Note: I think this technique has potential but is currently unreliable in Midjourney. The official help docs also mention seeds are very unstable in V5. See my Midjourney FAQ chapter.

You may encounter situations like:

  1. You input a prompt and get 4 images
  2. One image looks decent but the rest unsatisfactory, so you tweak the prompt
  3. But now all the new outputs are unsatisfactory, which is frustrating
  4. You wish you could modify one of the initial outputs

In theory you should be able to provide a seed from initial outputs for the model to further modify.

For example, with the cyberpunk avatar I first generate images using the original prompt. Then in Discord, click the emoji button in the top right of the message (Image 1 below), type "envelope" in the text box (Image 2), and click the envelope emoji (Image 3). This makes the bot send you the seed number.

MJ040.png

Then I modify the prompt to change the background to Chinatown. Note:

  1. The new prompt includes the original, only the background portion is changed.
  2. Add the seed parameter.

Original prompt:

{img url}  avatar, cyberpunk robot face, holographic VR glasses,holographic cyberpunk clothing, neon-lit cityscape background, Cyberpunk, by Josan Gonzalez --s 500 --iw 1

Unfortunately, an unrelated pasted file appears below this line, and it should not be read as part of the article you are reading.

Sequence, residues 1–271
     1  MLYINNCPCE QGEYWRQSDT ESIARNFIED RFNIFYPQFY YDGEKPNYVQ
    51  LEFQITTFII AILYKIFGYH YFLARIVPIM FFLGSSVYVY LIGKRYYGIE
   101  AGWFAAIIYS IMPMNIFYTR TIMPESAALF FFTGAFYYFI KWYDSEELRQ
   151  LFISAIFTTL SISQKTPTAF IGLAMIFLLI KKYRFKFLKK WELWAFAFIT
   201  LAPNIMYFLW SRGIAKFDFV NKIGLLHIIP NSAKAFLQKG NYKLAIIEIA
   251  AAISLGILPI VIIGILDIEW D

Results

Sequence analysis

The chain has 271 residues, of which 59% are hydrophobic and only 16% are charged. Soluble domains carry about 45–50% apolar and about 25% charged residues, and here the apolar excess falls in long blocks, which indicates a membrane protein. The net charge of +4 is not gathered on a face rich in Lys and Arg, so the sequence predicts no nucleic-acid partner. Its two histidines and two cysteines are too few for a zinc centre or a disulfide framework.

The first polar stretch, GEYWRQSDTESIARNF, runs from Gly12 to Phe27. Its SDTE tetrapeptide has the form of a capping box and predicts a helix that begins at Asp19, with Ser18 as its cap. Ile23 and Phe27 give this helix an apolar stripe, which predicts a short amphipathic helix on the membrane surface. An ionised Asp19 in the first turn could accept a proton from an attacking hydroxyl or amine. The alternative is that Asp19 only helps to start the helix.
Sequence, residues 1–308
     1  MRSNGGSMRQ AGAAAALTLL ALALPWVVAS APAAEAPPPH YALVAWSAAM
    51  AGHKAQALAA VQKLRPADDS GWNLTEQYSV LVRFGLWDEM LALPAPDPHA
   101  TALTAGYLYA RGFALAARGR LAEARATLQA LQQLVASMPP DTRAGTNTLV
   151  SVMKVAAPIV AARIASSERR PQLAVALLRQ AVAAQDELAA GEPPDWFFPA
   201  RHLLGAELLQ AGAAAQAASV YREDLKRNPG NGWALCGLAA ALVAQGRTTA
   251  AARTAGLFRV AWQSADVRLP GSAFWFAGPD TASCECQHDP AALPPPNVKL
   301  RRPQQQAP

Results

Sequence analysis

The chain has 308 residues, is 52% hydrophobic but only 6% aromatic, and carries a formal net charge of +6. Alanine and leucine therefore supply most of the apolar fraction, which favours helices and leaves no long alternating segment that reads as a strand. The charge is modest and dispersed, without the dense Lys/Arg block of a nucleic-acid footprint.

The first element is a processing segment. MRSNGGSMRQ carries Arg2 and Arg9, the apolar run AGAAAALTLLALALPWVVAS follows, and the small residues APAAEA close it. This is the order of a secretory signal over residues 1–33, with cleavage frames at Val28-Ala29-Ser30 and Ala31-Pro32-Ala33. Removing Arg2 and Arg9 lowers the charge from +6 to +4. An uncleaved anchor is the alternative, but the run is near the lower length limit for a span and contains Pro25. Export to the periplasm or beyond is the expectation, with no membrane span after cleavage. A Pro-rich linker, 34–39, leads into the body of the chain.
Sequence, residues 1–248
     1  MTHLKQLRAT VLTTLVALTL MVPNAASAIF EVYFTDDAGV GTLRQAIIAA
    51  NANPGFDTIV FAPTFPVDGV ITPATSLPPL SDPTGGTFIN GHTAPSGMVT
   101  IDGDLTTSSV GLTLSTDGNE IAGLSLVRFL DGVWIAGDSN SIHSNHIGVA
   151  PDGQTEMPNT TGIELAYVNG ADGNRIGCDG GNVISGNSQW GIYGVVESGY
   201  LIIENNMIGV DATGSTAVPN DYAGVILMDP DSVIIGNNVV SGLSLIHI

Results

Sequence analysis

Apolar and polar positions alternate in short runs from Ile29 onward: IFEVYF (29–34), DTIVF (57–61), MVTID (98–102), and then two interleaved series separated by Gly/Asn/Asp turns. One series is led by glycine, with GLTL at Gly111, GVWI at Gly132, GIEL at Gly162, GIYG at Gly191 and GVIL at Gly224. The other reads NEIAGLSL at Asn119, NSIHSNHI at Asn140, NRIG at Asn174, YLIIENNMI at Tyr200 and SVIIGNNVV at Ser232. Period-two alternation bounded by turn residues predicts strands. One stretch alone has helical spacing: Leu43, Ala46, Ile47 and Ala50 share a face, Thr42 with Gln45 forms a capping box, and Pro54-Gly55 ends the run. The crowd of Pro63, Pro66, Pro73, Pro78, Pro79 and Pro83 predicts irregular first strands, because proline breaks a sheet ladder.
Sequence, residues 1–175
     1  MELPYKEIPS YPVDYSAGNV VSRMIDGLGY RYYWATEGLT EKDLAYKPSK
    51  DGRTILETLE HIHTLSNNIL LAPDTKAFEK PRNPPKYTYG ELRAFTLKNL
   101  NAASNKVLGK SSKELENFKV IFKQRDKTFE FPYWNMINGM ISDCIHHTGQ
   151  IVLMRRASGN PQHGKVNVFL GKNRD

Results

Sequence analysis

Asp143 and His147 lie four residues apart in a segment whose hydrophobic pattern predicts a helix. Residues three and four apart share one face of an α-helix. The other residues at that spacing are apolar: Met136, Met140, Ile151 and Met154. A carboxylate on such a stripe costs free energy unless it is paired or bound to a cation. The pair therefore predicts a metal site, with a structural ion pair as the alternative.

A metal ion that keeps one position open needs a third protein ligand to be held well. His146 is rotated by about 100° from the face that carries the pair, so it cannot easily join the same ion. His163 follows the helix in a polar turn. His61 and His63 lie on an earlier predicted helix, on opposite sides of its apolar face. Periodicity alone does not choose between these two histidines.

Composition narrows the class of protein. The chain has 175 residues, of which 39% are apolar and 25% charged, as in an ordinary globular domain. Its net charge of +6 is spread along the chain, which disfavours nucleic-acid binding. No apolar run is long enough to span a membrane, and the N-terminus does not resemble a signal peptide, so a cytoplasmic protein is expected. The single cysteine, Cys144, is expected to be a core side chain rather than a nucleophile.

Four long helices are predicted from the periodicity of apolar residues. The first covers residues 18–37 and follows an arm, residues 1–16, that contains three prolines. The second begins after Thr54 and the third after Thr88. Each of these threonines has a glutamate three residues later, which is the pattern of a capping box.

New prompt (replace seed with your actual number):

{img url}  avatar, cyberpunk robot face, holographic VR glasses,holographic cyberpunk clothing, China Town background, Cyberpunk, by Josan Gonzalez --s 500 --iw 1 --seed 758242567

Here are the results - the background did change, but the face also changed a bit! 😂

The effect isn't great, but I think it's worth exploring as this could improve iterative refinement:

MJ041.png

Tip 9: The Mysterious Blend Feature​

To be honest, I hesitate to call this a technique - it's a very unstable Midjourney feature. But it's quite important so I'll introduce it.

It's simple to use - in Discord, type /blend then click the blend menu:

MJ057.png

Your input will change to this:

MJ058.png

Click the boxes to select two images from your computer, then hit enter to generate the blend.

MJ059.png

Then Midjourney generates this awesome result with Fusion Iron Man on the left and Fusion Buzz Lightyear on the right:

MJ061.png

I was shocked when I first saw this - it's like fusing monsters together in Yu-Gi-Oh! Unfortunately it's very unstable and only works if multiple unknown conditions are met.

I wanted to use this for avatars but found blending my own photos with other styles rarely works well. It seems best with celebrity photos, likely because Midjourney has been trained extensively on those.

But I think it has great potential for easily creating unique avatars by blending your photo with something else. Unfortunately it's not very usable yet.

It also has many other applications which I'll cover later.